Away from Campus a Long Time

March 24, 2006

“It’s been such a long time since I was here as a student that all my old professors have turned into buildings.”

— Don Wyrtsen at yesterday’s Dallas Seminary Chapel

Don then demonstrated five stages of worship music in the American church, starting with the “New England School” and ending with the current trend of “Celebration” music.  Before I heard his presentation, it seemed to me that we need to choose between “contemporary” or “traditional.”  After his presentation, I agree that the five different styles are simply colors on an artist’s palate, to be used appropriately to fulfill the Psalmist’s exhortation to “sing psalms, hymns, and spiritual songs.”  It was also a delight to see a gifted man share his gift with a spirit of fun and substance. 


Integration of Theology and Psychology

March 21, 2006

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"Integration" means a lot of different things (Try doing a Google search on the word) depending on whether you're into sociology, technology, or another "-ology." For me, it's about integrating theology with psychology. I'm a Southwest Region Board member of the Christian Association for Psychological Studies (CAPS) which seeks to explore this integration. I also work at Dallas Theological Seminary where eleven professors developed a "Statement of Belief" a few years ago. I like the statement that we seek "to address life and ministry from a theological perspective that is controlled by Scripture, consistent with evangelical Christian tradition, and critically conversant with contemporary psychology." 


Cavalia

March 20, 2006

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My wife and I went to this show last Friday night and it was a fantastic experience.  I was particularly struck by the gentleness with which the horses were treated and the respect that characterized the relationship between horse and human.  What a model for our marriages if we could treat each other with such attunement and responsiveness.  I am not trying to set up an analogy between trainer/horse and husband/wife, but there are aspects of the dynamics of interplay that are inspiring.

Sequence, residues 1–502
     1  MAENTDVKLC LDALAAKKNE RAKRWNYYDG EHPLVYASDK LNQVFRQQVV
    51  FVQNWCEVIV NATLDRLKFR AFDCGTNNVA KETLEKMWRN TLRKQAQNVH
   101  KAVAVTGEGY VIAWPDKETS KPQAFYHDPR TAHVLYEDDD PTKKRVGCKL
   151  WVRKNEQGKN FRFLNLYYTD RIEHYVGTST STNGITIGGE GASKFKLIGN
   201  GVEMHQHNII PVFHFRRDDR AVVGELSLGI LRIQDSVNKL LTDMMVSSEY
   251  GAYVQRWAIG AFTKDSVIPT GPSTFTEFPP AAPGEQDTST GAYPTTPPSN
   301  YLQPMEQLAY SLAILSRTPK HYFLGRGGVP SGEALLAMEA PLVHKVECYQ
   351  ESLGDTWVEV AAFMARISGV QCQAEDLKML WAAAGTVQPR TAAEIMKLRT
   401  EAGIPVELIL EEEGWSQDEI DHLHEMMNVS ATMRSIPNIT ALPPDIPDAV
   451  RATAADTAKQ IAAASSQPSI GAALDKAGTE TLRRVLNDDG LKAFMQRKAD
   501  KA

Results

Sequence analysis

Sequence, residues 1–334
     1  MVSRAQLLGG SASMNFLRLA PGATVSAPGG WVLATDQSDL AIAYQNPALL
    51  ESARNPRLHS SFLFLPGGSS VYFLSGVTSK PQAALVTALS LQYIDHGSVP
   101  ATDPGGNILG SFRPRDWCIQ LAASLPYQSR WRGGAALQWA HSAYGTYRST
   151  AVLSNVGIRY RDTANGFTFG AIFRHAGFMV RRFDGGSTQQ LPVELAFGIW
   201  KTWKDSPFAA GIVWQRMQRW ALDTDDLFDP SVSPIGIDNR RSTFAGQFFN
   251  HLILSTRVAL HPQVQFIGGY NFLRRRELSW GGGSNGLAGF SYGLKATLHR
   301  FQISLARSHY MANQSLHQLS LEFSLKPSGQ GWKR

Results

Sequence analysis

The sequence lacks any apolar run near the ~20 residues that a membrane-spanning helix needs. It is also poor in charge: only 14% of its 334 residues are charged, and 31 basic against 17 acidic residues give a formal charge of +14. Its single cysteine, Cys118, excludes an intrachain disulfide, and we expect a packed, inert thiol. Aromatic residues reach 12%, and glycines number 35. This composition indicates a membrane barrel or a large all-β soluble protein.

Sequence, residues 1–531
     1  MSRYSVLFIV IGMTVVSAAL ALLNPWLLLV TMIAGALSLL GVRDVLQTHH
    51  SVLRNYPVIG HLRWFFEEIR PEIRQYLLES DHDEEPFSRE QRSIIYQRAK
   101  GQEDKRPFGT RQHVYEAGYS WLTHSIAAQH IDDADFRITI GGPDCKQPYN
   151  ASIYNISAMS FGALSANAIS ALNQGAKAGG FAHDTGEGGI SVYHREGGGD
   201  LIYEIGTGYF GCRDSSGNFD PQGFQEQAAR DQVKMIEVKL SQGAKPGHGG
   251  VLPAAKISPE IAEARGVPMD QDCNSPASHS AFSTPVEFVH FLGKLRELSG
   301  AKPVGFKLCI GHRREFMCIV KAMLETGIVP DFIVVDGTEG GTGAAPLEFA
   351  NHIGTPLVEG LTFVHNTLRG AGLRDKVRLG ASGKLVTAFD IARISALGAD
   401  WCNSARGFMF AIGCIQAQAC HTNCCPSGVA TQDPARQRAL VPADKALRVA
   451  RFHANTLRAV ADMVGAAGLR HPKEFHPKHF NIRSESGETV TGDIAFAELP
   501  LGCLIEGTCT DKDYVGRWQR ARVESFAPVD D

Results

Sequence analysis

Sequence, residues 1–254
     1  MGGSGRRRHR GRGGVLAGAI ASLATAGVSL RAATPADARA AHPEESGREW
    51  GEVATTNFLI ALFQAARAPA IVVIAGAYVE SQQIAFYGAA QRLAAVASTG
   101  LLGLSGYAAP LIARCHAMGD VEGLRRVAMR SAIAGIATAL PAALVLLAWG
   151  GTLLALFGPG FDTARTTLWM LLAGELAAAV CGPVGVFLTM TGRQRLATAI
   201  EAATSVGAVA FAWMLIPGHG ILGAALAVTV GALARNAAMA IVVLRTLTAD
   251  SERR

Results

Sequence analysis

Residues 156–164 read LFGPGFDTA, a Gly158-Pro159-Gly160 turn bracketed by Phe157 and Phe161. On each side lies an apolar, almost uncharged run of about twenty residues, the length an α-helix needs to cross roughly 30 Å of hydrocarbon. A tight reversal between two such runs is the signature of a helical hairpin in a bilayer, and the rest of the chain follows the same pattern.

Fathering: Traditions and Innovations

March 18, 2006

The basic requirements of adequate fathering remain constant throughout the ages. Each age, however, presents its own challenges that require new thinking to contribute effectively to the development of our children. Read the rest of this entry »


Providing Emotional Immunity to Drugs in Your Children

March 18, 2006

Addiction is a relationship with a mood-altering substance. Addictive behaviors replace a person’s capacity for intimate relationships. Drug-proofing you children must require more than demanding that the public schools and police “do something” and conduct “Drug Education”. Why do some children seem to have an immunity to the temptations of drugs, while others succumb to its lure with little resistance? Drugs fill a void. They relieve emotional pain (temporarily). The underlying unmet needs of your children must be identified and understood in order to eliminate to vulnerability to drug use. Before there was “peer pressure” or the illusion of “safe drugs” or “safe sex”, your children were designed and created with intrinsic needs. In addition to the “God-shaped hole” in each of us reflecting our intimacy need vertically for communion with God, there are ten “soulish” or emotional needs that constitute horizontal needs for intimacy with other humans. Meeting these needs is the best way to “drug proof” your children. It is also the only way. Read the rest of this entry »